Sunday, January 8, 2012

Katchemak: Albanian Breakfast

Bulgarian feta is on sale at the local grocer...that can only mean one of two things...
Either they have too much and it's getting old, or
 Many years ago, I lived in a three flat with an Albanian family who lived on the other two floors.
The result was me being invited to have all sorts of their food. LOLOLOL
Now, I'm not exactly sure how to spell it.  I couldn't find the recipe online for the life of me every time I googled it. So with guidance from Nani who told me the steps, and my own testing of it for five years... here's the way it works.

ADVICE 1:  If you don't have a half hour to 45 minutes to stand in front of your stove, do not make this. As Nani told me, "You can't step away from the stove when you make katchemak, or it will burn." and seriously, there's no shortcuts in making this recipe. I've tried. Oh how the good Lord knows I've tried...  and it NEVER turns out tasting good.

ADVICE 2:  It must be Bulgarian feta which is made of  - sheep's milk? I just know it's not from a cow.
Nani said this as though my survival depended on it, but when discussing this recipe with Greeks I know, I start getting history lessons and all sorts of stuff against feta elitists, so I don't know. It comes in a tub with brine.   

This is the one Nani used, but I just get the Bulgarian feta at the deli counter when it's on sale for 2.99/lb and ask for a container of the brine (they will give you the brine water for free).  Any unused feta can go in the brine water, and into your fridge. It will last much longer.
2 1/2 cups "self rising white cornmeal"
2 cups White cornmeal
1 tsp. baking powder
1/2 cup flour  (for gluten free/Celiac's friendly omit the flour)
Coarse salt.  Hrmmmmm I'd say a teaspoon.  We can add more later, but it does taste better to be a little on the slightly salty side (1/2 teaspoon if using table salt)

1/2 cup olive oil
1.5 qts water

Serves at least 4 adults... trial and error to see how much you guys can actually eat. It's very filling.  Nani told me: "If you eat this for breakfast, they say you wont be hungry all day in the fields."

1) Put all those ingredients into a HIGH SIDED stainless steel pot. IT MUST HAVE HIGH SIDES. Here I am using a soup pot. In another pot put the 1.5 qts water and turn on the heat. It should be at a furious boil by the time we're done stirring the cornmeal.  Do this at the same time, because...remember we cannot walk away.

2) Turn on heat to medium high for the dry ingredients and stir... stir... stir.. keep stirring. You might see some smoke appearing...keep stirring. At the smoking point, you will see the cornmeal mixture turn a different color. "This is why we use white cornmeal as opposed to the yellow. so you can see the color change better." says Nani.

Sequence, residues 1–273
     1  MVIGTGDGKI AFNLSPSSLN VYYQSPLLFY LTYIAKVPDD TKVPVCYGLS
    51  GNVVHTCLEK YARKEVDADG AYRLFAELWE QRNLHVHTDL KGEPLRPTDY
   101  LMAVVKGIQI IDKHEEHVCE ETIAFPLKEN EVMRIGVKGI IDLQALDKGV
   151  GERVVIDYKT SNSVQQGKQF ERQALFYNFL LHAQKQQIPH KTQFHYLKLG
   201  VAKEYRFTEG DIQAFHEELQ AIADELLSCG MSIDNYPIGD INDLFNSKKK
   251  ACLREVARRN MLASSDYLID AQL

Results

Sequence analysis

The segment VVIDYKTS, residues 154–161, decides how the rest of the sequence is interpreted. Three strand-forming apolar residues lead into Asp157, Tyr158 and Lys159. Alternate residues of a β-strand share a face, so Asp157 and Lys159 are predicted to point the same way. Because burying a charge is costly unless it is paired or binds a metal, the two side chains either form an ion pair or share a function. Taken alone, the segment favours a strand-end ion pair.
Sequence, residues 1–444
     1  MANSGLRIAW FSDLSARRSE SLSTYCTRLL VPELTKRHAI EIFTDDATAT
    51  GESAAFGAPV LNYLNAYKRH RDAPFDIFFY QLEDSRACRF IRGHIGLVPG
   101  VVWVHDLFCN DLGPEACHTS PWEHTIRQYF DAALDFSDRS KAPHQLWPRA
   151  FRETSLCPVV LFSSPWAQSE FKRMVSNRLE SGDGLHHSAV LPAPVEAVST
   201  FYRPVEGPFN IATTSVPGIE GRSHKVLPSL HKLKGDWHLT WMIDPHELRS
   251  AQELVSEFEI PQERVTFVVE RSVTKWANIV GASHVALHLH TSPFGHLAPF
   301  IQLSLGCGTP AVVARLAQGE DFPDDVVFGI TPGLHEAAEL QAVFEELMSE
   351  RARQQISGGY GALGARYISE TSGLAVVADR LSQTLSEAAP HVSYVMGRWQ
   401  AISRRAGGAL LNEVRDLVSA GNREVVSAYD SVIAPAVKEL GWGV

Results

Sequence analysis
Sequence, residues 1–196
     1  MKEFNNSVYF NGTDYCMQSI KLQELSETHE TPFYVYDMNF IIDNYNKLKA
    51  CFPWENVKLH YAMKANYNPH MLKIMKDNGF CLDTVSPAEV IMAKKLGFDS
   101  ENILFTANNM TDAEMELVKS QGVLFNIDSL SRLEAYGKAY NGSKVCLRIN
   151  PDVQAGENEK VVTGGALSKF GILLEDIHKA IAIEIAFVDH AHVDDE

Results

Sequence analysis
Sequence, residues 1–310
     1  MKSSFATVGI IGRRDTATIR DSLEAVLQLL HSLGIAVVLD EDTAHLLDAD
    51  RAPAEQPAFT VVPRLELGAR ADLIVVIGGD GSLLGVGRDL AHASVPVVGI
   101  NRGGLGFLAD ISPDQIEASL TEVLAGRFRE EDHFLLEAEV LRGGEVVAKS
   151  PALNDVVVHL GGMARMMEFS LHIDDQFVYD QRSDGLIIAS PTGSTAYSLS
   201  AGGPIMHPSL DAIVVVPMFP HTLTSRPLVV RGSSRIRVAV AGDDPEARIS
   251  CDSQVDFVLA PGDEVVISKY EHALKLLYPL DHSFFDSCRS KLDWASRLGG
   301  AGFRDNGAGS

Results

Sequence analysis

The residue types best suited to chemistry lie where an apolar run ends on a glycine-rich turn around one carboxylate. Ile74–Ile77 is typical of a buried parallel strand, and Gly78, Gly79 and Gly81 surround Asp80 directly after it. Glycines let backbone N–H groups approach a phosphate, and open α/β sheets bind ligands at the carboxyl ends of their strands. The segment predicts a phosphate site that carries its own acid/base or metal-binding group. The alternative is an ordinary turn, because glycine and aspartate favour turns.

3) When the whole mixture is pretty much a tanned/roasted color, take it off the heat (preferably under a range vent you turn on).  Now comes the crazily dangerous part. Oh I forgot to tell you there was some crazy danger involved?!   Pour some of the boiling water into the cornmeal mixture.
But you must stir, or you'll get clumps instead of smoothness!!
Pour Maybe a couple cups of liquid. STIR CAREFULLY but with determination! 
This is where I have been burned more times than I care to say. Yes, the water will jump, and pop and hiss, and cornmeal seems to fly everywhere. This is why we used a pot with high sides.
You can either wear an oven mitt, or as I sometimes do, pull my hand into my sweater, and hold the wooden spoon with my sweater covered hand.   When the water has been absorbed by the cornmeal, pour more water, and MIX again.

4) Put Cornmeal mush back on the range, and turn on to medium-low heat. You will add water and stir a few times until it is at the consistency below. YOU MAY/MAY NOT USE ALL THE WATER.

I Just made a sweeping generalization because I never know how much I'm going to use! You just want to do this until the cornmeal is soft enough but isn't a watery slurry.  Taste it. It will taste a little bitter, but we're testing for texture right now...  is it grainy? Add more water.  Keep stirring!!!  Needs salt? Add it now. Keep stirring!!!  Too bland and soft? Don't add water, but continue to stir and cook until some of the water has evaporated. Yes, it is hard to stir, but you MUST PERSEVERE ON! YOU CAN DO IT!  Turn off the heat (Aaaargh! My tendonitis!).

5) In a small frying, put the 1/2 cup of oil in it.  Heat it up until there are ripples in the oil.   Pour this onto the cornmeal mixture. It will pop! it will hiss! it's craziness! Use oven mitt, hold spoon, and stir with fierce perseverance!  This oil is the difference between it tasting bitter, and it tasting like Frito's. After all the oil has been mixed in evenly, pour this out onto a plate.

6) Serve with slices of raw sweet onions, and Bulgarian feta cheese.
See this image below: the plate on the left has the Katchemak, and that's how it should look.
Another satisfied Customer!  The kids BEG for this every so often for breakfast.


In the very beginning when I tried to make it, it was ALWAYS too dry. Not enough stirring.
Not enough adding water and stirring it in a way where ALL the grains of cornmeal could absorb the water, so there'd be dry little pebbles. BLEAUGH. Don't give up! It still happens to me sometimes.

A few times ago, I made it too watery and it came out looking like this:
That's ok, too. It's a little too much water, but tastes alright. Honestly better to have too much water than too little and be eating sand.

DON'T GIVE UP!!!!!!!

You'll get better with more practice. We'll cook it just as good as Nani.  Maybe that's why she made it so deliciously... she's had SO many years of experience with the water ratio and all that stirring.

Love you, Nani and Jisho!

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